Author information

Affiliations

  1. Wellcome Trust Sanger Institute, Wellcome Trust Genome Campus, Hinxton, UK.

    • Tarjinder Singh
    •  & Jeffrey C Barrett
  2. MRC Centre for Neuropsychiatric Genetics and Genomics, Division of Psychological Medicine and Clinical Neurosciences, School of Medicine, Cardiff University, Cardiff, UK.

    • James T R Walters
    • , Elliott Rees
    • , Georg Kirov
    • , Michael C O'Donovan
    •  & Michael J Owen
  3. Division of Psychiatry, University of Edinburgh, Royal Edinburgh Hospital, Edinburgh, UK.

    • Mandy Johnstone
    •  & Douglas Blackwood
  4. University College London Genetics Institute, University College London, London, UK.

    • David Curtis
  5. Centre for Psychiatry, Barts and the London School of Medicine and Dentistry, London, UK.

    • David Curtis
  6. National Institute for Health and Welfare, Helsinki, Finland.

    • Jaana Suvisaari
    •  & Minna Torniainen
  7. Institute of Psychiatry, King's College London, London, UK.

    • Conrad Iyegbe
    • , Robin M Murray
    •  & Marta Di Forti
  8. Centre for Cognitive Ageing and Cognitive Epidemiology, University of Edinburgh, Edinburgh, UK.

    • Andrew M McIntosh
  9. Department of Human Genetics, David Geffen School of Medicine, University of California, Los Angeles, Los Angeles, California, USA.

    • Daniel Geschwind
    •  & Michael Gandal
  10. Division of Psychiatry, University College London, London, UK.

    • Elvira Bramon
  11. Department of Medical Epidemiology and Biostatistics, Karolinska Institutet, Stockholm, Sweden.

    • Christina M Hultman
  12. Division of Psychiatric Genomics, Department of Psychiatry, Icahn School of Medicine at Mount Sinai, New York, New York, USA.

    • Pamela Sklar
  13. Institute for Molecular Medicine Finland, University of Helsinki, Helsinki, Finland.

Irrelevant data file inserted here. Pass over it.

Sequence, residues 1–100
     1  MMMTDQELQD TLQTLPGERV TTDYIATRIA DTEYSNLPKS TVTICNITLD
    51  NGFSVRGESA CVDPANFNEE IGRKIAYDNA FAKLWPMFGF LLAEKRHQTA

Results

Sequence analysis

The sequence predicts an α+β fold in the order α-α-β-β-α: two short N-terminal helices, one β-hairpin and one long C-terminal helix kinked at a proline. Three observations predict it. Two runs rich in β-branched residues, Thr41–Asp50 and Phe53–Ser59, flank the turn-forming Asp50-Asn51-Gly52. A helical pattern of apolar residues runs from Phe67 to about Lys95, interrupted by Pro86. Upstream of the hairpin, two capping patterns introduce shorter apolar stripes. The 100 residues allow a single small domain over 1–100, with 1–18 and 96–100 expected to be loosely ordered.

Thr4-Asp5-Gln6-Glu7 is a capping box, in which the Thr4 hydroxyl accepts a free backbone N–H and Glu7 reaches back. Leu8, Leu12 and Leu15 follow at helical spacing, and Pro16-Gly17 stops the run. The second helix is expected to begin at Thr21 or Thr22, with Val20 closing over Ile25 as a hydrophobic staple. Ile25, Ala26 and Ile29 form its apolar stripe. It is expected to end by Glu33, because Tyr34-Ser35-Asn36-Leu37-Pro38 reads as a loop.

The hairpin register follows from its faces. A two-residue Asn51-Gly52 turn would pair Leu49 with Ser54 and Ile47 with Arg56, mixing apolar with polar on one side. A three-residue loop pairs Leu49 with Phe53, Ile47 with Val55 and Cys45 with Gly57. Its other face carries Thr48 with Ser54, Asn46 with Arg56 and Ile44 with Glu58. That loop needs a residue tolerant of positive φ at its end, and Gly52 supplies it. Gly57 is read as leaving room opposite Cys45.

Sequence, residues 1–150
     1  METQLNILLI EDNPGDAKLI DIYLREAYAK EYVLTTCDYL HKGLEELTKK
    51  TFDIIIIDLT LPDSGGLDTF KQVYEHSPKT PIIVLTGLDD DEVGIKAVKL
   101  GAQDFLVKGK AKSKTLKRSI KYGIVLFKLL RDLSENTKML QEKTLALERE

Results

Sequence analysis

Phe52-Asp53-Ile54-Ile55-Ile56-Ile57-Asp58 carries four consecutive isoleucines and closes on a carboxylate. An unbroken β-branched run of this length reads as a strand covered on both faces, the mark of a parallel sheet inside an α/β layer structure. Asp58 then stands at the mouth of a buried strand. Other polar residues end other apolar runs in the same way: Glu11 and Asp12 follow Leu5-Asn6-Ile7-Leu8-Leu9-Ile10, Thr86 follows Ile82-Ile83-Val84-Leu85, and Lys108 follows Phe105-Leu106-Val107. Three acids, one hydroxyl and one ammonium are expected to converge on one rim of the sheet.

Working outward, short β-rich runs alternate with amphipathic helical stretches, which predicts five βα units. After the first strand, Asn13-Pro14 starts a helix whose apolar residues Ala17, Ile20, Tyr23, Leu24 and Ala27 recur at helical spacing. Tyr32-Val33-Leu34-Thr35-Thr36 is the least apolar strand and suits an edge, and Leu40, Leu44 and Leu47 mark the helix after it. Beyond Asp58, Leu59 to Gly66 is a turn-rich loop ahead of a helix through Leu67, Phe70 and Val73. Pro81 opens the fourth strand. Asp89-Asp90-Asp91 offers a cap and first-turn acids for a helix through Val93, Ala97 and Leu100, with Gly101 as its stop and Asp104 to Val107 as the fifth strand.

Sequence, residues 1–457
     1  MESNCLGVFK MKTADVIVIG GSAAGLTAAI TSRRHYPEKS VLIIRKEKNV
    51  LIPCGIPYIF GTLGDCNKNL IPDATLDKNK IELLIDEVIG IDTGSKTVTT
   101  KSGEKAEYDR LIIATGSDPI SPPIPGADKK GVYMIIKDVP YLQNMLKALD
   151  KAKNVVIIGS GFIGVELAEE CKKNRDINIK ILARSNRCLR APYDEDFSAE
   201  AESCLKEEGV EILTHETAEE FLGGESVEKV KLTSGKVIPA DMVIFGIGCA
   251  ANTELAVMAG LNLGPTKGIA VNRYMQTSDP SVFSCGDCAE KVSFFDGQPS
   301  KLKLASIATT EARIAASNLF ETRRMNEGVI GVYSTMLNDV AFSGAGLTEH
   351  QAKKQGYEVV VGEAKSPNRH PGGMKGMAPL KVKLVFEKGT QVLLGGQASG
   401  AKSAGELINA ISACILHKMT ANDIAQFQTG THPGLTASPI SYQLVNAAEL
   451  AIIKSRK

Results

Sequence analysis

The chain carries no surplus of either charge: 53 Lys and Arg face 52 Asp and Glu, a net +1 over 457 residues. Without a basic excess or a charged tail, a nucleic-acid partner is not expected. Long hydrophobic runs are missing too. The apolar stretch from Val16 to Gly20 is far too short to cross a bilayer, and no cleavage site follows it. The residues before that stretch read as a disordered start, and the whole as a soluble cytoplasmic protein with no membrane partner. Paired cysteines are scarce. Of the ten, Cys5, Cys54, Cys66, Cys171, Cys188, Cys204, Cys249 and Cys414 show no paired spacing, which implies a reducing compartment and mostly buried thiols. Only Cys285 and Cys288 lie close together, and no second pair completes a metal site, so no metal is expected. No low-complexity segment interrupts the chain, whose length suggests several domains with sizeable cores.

• Aarno Palotie
  14. Program in Medical and Population Genetics and Genetic Analysis Platform, Broad Institute of MIT and Harvard, Cambridge, Massachusetts, USA.

    • Aarno Palotie
  15. Department of Medical Epidemiology and Biostatistics, Karolinska Institutet, Stockholm, Sweden.

    • Patrick F Sullivan
  16. Departments of Genetics and Psychiatry, University of North Carolina, Chapel Hill, North Carolina, USA.

    • Patrick F Sullivan

Consortia

  1. INTERVAL Study

    A list of contributors is available from http://www.intervalstudy.org.uk/about-the-study/whos-involved/interval-contributors/.

  2. UK10K Consortium

    A list of members appears in the Supplementary Note.

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Contributions

T.S. and J.C.B. conceived and designed the experiments. T.S. performed the statistical analysis. T.S., J.T.R.W., M.J., D.C., J.S., M.T., E.R., and P.F.S. analyzed the data. T.S., J.T.R.W., M.J., J.S., M.T., E.R., C.I., D.B., A.M.M., G.K., D.G., R.M.M., M.D.F., E.B., M.G., C.M.H., P.S., A.P., M.C.O'D., M.J.O., and J.C.B. contributed reagents, materials, or analysis tools. T.S., D.C., M.J.O., and J.C.B. wrote the manuscript.

Competing interests

The authors declare no competing financial interests.

Corresponding authors

Correspondence to Tarjinder Singh or Jeffrey C Barrett.

Integrated supplementary information

Supplementary information

PDF files

  1. 1.

    Supplementary Text and Figures

    Supplementary Figures 1–9 and Supplementary Note.

Excel files

  1. 1.

    Supplementary Table 1

    Full results from enrichment analyses of 1,766 gene sets.

  2. 2.

    Supplementary Table 2

    Gene sets enriched for rare coding variants conferring risk for schizophrenia at FDR < 5%.

  3. 3.

    Supplementary Table 3

    Results from enrichment analyses of FDR < 5% gene sets, conditional on brain-expressed and ExAC loss-of-function-intolerant genes.

  4. 4.

    Supplementary Table 4

    Results from enrichment analyses of rare loss-of-function variants in loss-of-function-intolerant genes and developmental disorder–associated genes comparing schizophrenia cases stratified by information on cognitive function and matched controls.

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DOI

https://doi.org/10.1038/ng.3903